A New WWE Talent, # Of Chavo Guerrero Suspensions, & More

A New WWE Talent, # Of Chavo Guerrero Suspensions, & More
WWE has signed Ryan Bishop, 27, to a developmental contract. He is a former tight end for the New York Giants. He was on the Super Bowl champs' training camp roster last season, but apparently didn't make the team as there are no NFL profiles or stats on him. He has the size WWE likes as he is 6 foot six and 255 pounds. He is currently learning wrestling in Florida Championship Wrestling. He played college football at the University of Hawaii.

The March 15 issue of Sports Illustrated has a story on 80s steroid dealer Tony Fitton. In the story, Fittons claims that he was distributing steroids to a "good few in the WWF." The article said that he watched WWF on television, and didn't like Randy Savage due to his TV persona, and so he didn't trust him. However, one of Fitton's clients, John Mitton a.k.a. Big John Studd, vouched for Randy Savage as a person, and then agreed to distribute steroids to him. Sports Illustrated attempted to contact Savage for the story, but didn't return their calls. The connection between Fitton and Big John Studd was pretty well known during the late 80s.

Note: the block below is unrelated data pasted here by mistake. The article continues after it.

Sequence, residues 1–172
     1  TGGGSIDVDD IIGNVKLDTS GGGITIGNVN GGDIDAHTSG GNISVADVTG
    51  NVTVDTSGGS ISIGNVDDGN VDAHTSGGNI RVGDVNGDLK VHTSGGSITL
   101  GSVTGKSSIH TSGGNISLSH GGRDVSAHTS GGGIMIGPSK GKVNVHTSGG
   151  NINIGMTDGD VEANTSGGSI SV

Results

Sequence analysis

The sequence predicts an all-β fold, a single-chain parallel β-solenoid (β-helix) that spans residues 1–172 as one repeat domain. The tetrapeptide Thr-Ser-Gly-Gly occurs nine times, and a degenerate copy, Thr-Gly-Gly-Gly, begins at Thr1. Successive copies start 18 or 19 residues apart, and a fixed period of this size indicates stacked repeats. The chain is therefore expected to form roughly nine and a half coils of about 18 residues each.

This week's edition of the Wrestling Observer Newsletter is reporting that reigning ECW Champion Chavo Guerrero actually has two WWE suspensions on his record, not one. Unlike the other wrestlers busted in the Signature Pharmacy scandal last fall, they only sat out for 30 days, whereas Guerrero sat on the sidelines for over 60 days, so it adds up. Guerrero returned to action on November 3, 2007, which was a Saturday night SmackDown/ECW house show. That was the first scheduled WWE show a wrestler on a 60-day suspension from the Signature Pharmacy scandal would have permitted to appear on. Apparently, Guerrero's first suspension quietly slipped under the cracks some time ago. Back in July 2006, after a number of SmackDown stars went down with Wellness related issues the week before the Great American Bash pay-per-view, which caused havoc on the card, Vince McMahon made the decision to not pull future suspendees from television because he didn't want sudden suspensions to ruin his heavily-hyped pay-per-view cards. Instead, future suspensions called for wrestlers to miss a month's worth of downside pay, not to mention their pay-per-view bonus. Also, the suspendees would be pulled from all house shows for a 30-day period. The new rule allowed Randy Orton to wrestle Hulk Hogan at the 2006 SummerSlam, who was suspended in August 2006 for a Wellness Policy violation. Starting on August 13, 2006, Orton was removed from house shows for a little over a month. To save face, Orton claimed that his house show hiatus was due to him moving into a new home with his fiancée -- which is actually true -- however, he was indeed serving a suspension during this time frame as well.

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